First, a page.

According to ChinaDaily, as of the end of last year, lenders in China had issued 1.5 billion bank cards, including debit cards, credit cards and quasi-credit cards. Of the
huge sum, active cards, which were used at least once every month, were only about 80 million, less than 10 percent of the total.
These figures come from China UnionPay, the nation's leading bank card network operator. The article says that as cheques aren't common in China, and cash and debit cards are the most popular payment method, that the 'sleeping card' issue is an opportunity
and shows the potential of the Chinese card market.
What it doesn't mention is the heavy use of virtual currencies for online purchases and entertainment services in China. Instant messaging and online gaming operator Tencent alone has more than 160 million registered users in mainland China, with 40-50 million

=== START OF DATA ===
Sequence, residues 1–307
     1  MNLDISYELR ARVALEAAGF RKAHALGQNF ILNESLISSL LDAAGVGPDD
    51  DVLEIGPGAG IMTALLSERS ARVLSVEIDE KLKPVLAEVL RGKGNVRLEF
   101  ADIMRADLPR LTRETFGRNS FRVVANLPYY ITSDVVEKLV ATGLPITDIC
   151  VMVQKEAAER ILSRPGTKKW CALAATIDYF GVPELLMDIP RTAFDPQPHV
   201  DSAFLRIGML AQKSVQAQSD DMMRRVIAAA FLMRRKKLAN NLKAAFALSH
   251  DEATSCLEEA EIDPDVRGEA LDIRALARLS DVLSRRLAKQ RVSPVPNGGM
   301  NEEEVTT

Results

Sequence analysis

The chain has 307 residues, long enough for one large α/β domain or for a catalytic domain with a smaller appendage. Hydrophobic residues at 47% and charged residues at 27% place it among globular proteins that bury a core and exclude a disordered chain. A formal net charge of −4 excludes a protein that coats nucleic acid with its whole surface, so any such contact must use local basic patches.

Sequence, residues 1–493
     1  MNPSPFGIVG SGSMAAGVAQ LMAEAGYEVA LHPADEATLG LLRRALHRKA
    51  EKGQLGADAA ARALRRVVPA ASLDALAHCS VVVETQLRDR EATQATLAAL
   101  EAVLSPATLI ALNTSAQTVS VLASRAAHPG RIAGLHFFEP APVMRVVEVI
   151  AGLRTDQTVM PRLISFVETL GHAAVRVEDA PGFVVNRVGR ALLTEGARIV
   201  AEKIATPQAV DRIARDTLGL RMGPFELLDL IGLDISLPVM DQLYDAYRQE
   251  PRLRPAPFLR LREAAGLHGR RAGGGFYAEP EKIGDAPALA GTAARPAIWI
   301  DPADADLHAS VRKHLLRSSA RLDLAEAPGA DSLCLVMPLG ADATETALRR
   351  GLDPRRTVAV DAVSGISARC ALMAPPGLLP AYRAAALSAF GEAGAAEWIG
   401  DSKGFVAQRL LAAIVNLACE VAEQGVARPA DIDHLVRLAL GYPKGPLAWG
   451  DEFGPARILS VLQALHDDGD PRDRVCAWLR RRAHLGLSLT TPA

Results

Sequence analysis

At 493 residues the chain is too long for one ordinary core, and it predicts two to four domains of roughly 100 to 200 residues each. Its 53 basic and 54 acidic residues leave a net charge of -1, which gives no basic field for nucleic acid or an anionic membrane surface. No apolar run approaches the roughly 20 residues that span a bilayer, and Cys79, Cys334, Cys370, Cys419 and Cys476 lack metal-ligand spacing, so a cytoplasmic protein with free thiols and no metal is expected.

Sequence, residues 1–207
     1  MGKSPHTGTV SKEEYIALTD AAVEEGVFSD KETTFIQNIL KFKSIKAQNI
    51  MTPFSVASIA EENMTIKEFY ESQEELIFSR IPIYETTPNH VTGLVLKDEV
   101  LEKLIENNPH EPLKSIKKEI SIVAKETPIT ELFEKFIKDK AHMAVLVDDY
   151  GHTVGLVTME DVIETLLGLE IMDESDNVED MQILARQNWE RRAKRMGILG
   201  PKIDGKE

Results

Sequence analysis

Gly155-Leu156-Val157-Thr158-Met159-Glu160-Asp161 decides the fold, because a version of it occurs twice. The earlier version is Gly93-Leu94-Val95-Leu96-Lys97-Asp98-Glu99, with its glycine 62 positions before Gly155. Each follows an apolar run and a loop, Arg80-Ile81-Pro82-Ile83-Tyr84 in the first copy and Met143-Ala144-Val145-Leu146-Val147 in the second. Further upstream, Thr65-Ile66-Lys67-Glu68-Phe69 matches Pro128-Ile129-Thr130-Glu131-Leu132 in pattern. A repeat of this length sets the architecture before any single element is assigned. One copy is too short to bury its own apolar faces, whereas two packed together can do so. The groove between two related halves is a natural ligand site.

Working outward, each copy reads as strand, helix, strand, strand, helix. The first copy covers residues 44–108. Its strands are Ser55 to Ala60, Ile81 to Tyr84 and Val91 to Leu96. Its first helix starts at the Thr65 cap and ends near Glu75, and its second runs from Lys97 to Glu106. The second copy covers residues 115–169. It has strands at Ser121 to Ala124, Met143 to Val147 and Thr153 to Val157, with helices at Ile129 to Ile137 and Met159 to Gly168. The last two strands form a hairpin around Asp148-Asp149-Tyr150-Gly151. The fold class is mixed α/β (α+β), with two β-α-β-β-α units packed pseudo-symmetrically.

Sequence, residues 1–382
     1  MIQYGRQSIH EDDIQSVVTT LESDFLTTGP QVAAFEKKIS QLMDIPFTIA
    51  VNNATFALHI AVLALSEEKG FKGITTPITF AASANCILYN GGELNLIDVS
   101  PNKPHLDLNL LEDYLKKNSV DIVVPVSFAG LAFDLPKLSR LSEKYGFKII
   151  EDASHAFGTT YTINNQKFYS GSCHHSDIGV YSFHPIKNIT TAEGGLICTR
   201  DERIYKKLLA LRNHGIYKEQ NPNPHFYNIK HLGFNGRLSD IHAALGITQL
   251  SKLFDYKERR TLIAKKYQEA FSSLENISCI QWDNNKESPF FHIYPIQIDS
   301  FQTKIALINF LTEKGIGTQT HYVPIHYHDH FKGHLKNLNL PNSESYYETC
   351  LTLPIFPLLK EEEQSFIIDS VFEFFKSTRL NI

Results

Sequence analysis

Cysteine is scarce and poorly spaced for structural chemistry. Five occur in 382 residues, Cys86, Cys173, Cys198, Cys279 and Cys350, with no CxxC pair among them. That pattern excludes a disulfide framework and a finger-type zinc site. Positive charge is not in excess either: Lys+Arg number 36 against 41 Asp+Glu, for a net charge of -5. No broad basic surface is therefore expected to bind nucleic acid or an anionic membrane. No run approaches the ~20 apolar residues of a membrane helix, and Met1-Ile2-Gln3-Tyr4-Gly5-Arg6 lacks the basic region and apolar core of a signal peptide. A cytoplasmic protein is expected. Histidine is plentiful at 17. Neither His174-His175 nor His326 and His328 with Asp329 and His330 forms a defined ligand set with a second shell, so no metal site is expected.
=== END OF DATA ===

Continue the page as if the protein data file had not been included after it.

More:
accounts online each day.
And its QQ coin currency caused big issues for Chinese monetary policy last year when exchange for "real-world" yuan on online auction sites and small storefronts was getting out of hand.
Other online companies such as Baidu, Sina and Netease all also have their own virtual currencies (Baidu Coins, U Coins and POPO coins respectively).
With China's internet users
recently hitting the 250 million mark, it would probably be safe to say that each month more Chinese people make a transaction using a virtual currency than using a bank-issued card.
Any thoughts on whether this might be true? Does anyone have any definitive figures that could prove / disprove this?